Biochem - Nutrition (Part 3: Vitamins E, K, Zinc, Ethanol metabolism, & Malnutrition) Flashcards Preview

FA - Biochemistry > Biochem - Nutrition (Part 3: Vitamins E, K, Zinc, Ethanol metabolism, & Malnutrition) > Flashcards

Flashcards in Biochem - Nutrition (Part 3: Vitamins E, K, Zinc, Ethanol metabolism, & Malnutrition) Deck (28):
1

What are 2 other names for Vitamin E?

Vitamin E (tocopherol/tocotrienol)

2

What is the function of Vitamin E (tocopherol/tocotrienol)?

Antioxidant (protects erythrocytes and membranes from free radical damage); Think: "E is for Erythrocytes"

3

With what drug in particular can Vitamin E interact, and how so?

Can enhance anticoagulant effects of warfarin

4

What are 4 signs/symptoms associated with Vitamin E (tocopherol/tocotrienol) deficiency?

(1) Hemolytic anemia (2) Acanthocytosis (3) Muscle weakness (4) Posterior column and Spinocerebellar tract demyelination

5

Compare/Contrast Vitamin E (tocopherol/tocotrienol) deficiency to Vitamin B12 deficiency.

Neurological presentation may appear similar to vitamin B12 deficiency, but without megaloblastic anemia, hypersegmented neutrophils, or increase serum methylmalonic acid levels

6

What is the function of Vitamin K?

Cofactor for the gamma-carboxylation of glutamic acid residues on various proteins required for blood clotting; Think: "K is for Koagulation"

7

What synthesizes Vitamin K?

Synthesized by intestinal flora

8

What are the clotting factors and/or anticoagulatory proteins for which Vitamin K is necessary?

Necessary for the activation of clotting factors II, VII, IX, X, and proteins C and S.

9

What drug functions as a Vitamin K antagonist?

Warfarin - Vitamin K antagonist

10

In what patient population does Vitamin K deficiency typically present, and why? What are 3 lab findings of significance in this presentation?

Neonatal hemorrhage with increased PT and increased aPTT but normal bleeding time (neonates have sterile intestines and are unable to synthesize vitamin K).

11

Besides in neonates, in what other context can Vitamin K deficiency occur?

Can also occur after prolonged use of board-spectrum antibiotics

12

What are the considerations/approaches for Vitamin K deficiency prevention in neonates?

(Vitamin K) Not in breast milk; Neonates are given vitamin K injection at birth to prevent bleeding diathesis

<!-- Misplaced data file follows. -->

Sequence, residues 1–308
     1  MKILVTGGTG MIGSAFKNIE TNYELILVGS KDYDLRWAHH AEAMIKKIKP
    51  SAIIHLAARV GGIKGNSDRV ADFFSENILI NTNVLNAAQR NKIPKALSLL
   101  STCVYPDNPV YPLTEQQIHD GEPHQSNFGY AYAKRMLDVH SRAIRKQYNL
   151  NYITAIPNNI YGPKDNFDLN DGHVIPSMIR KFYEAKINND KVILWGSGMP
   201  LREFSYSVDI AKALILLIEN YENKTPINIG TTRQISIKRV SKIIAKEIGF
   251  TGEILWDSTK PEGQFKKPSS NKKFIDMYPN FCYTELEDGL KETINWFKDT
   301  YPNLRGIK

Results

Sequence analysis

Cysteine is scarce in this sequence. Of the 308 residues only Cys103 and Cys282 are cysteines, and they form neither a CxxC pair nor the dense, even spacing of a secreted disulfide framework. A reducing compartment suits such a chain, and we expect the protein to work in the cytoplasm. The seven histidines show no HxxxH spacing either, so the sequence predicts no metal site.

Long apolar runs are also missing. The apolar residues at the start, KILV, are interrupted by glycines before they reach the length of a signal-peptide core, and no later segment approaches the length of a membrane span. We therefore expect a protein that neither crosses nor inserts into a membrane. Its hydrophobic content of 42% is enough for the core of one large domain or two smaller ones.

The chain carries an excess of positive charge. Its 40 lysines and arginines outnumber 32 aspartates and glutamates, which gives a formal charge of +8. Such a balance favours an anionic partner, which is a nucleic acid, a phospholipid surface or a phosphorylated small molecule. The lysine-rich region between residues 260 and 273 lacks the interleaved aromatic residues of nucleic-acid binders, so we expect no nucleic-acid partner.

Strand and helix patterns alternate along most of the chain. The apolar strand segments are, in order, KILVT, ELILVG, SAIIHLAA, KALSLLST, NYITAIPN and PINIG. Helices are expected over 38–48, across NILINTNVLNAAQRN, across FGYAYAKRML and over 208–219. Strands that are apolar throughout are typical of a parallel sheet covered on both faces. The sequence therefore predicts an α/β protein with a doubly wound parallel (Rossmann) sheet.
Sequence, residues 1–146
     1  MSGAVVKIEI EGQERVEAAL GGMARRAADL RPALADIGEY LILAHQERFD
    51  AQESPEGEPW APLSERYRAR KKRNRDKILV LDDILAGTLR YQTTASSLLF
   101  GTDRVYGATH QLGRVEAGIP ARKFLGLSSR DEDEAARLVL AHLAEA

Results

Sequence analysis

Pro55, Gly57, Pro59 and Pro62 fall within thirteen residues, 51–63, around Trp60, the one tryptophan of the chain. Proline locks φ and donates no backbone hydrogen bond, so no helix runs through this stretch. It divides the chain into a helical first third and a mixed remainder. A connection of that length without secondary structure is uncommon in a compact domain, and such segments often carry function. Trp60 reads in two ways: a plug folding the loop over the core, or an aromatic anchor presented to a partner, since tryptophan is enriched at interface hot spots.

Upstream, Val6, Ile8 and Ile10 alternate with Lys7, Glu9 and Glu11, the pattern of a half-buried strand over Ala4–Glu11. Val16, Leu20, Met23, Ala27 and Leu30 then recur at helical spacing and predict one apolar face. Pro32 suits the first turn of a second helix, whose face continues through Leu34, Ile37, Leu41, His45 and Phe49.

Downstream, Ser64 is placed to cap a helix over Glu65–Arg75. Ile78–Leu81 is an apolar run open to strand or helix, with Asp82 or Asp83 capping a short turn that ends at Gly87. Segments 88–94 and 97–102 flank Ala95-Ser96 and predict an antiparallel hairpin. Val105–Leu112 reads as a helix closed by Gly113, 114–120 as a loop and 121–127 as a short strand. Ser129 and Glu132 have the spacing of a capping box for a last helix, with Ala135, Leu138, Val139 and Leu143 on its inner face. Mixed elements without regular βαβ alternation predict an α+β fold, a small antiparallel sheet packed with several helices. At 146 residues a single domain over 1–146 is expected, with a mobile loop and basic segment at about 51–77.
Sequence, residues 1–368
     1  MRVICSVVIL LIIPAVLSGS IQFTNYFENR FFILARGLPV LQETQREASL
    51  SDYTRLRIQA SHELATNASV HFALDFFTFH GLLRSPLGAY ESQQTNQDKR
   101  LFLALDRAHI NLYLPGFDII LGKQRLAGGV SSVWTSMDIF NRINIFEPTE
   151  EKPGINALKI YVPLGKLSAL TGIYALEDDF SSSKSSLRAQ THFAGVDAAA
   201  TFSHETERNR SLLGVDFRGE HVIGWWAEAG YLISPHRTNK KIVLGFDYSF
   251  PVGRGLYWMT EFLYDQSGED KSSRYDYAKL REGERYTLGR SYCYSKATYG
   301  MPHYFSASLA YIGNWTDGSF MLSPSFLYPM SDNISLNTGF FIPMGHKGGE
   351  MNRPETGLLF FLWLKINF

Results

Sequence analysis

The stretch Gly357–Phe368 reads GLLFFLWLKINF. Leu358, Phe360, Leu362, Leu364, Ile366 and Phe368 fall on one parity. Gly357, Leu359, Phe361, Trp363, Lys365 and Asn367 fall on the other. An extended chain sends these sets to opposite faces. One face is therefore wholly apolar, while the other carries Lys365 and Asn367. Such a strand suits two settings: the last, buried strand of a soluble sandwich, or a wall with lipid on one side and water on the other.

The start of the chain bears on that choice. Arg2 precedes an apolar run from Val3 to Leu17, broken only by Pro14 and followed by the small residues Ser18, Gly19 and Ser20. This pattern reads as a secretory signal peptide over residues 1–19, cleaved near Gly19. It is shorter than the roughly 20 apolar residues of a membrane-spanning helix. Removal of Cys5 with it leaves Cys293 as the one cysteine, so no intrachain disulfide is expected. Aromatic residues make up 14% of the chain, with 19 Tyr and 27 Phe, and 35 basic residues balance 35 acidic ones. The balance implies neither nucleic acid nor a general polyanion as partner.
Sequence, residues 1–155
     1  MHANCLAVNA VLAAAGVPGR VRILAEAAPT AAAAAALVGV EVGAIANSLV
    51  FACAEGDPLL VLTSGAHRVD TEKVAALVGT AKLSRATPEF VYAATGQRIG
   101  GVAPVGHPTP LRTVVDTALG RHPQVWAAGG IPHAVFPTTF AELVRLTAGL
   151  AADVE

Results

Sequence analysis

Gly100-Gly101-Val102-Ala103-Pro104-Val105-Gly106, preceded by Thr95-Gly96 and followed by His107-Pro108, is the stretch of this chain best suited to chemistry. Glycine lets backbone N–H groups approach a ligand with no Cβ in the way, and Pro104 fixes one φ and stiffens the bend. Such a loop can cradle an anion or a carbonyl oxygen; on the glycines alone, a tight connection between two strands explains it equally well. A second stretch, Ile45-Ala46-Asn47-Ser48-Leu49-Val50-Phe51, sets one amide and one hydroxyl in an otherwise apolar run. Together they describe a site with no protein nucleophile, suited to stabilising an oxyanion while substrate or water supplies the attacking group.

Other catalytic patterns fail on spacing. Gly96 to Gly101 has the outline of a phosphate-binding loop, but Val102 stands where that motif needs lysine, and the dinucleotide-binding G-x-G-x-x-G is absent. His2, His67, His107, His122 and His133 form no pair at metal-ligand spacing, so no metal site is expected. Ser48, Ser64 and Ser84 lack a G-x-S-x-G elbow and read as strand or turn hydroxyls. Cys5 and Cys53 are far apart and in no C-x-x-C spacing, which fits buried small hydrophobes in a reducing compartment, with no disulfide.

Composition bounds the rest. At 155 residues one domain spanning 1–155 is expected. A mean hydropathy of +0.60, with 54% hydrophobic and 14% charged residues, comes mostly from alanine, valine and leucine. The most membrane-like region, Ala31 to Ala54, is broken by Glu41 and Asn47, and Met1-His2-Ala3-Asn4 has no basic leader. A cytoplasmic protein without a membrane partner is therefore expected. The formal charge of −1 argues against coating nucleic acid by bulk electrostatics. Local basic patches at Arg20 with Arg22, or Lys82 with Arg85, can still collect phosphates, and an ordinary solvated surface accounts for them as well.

13

What are important functions of Zinc?

Essential for activity of 100+ enzymes. Important in the formation of zinc fingers (transcription factor motif).

14

What are 6 signs/symptoms associated with Zinc deficiency?

(1) Delayed wound healing (2) Hypogonadism (3) Decreased adult hair (axillary, facial, pubic) (4) Dysgeusia (5) Anosmia (6) Acrodermatitis enteropathica

15

To what condition may Zinc deficiency predispose patients?

May predispose to alcoholic cirrhosis

16

Draw out the major reactions of ethanol metabolism, including its locations.

See p. 97 in First Aid 2014 for reactions at the top of the page

17

What is the limiting reagent in ethanol metabolism?

NAD+ is the limiting reagent.

18

By what kinetics does alcohol dehydrogenase operate?

Alcohol dehydrogenase operates via zero-order kinetics

19

What molecular change does ethanol metabolism cause in the liver? What are 3 effects of this change related to chronic alcoholism? What is the end result of these effects? What additional effects does this molecular change have?

Ethanol metabolism increase NADH/NAD+ ratio in liver, causing: (1) Pyruvate => lactate (lactic acidosis) (2) Oxaloacetate => malate (prevents gluconeogenesis => fasting hypoglycemia) (3) Glyceraldehyde-3-phosphate => Glycerol-3-phosphate (combines with fatty acids to make triglycerides => hepatosteatosis); End result is clinical picture seen in chronic alcoholism; Additionally, increased NADH/NAD+ ratio disfavors TCA production of NADH => increased utilization of acetyl-CoA for ketogenesis (=> ketoacidosis) and lipogenesis (=> hepatosteatosis)

20

What is the mechanism of Fomepizole? For what is it an antidote?

Fomepizole - inhibits alcohol dehydrogenase and is an antidote for methanol or ethylene glycol poisoning

21

What is the mechanism of Disulfiram? What biochemical effect does it have, and how does this present?

Disulfiram - inhibits acetaldehyde dehydrogenase (acetaldehyde accumulates, contributing to hangover symptoms)

22

Draw the reaction of pyruvate breaking down in anaerobic glycolysis, including factors involved and its product.

See p. 97 in First Aid 2014 for visual at right

23

Draw the reaction of Oxaloacetate breaking down in the TCA cycle, including factors involved and its product.

See p. 97 in First Aid 2014 for visual at right

24

What reaction does alcohol dehydrogenase catalyze, and where? What effect does it have on NAD+/NADH?

Ethanol conversion to Acetaldehye in cytosol; Makes NAD+ into NADH

25

What reaction does acetaldehyde dehydrogenase catalyze, and where? What effect does it have on NAD+/NADH?

Acetaldehyde conversion to Acetate in mitochondria; Makes NAD+ into NADH

26

What are 2 types of malnutrition?

(1) Kwashiorkor (2) Marasmus

27

What is Kwashiorkor, and what are 3 signs/symptoms that characterize it? What is its typical clinical picture?

Protein malnutrition resulting in (1) skin lesions, (2) edema, (3) liver malfunction (fatty change due to decrease apolipoprotein synthesis). Clinical picture is small child with swollen belly. ; Think: "Kwashiorkor results from a protein-deficient MEAL - Malnutrition, Edema, Anemia, Liver (fatty)."

28

What is Marasmus, and what are 4 signs/symptoms that characterize it?

Total calorie malnutrition resulting in (1) tissue and (2) muscle wasting, (3) loss of subcutaneous fat, and (4) variable edema; Think: "Marasmus results in Muscle wasting"

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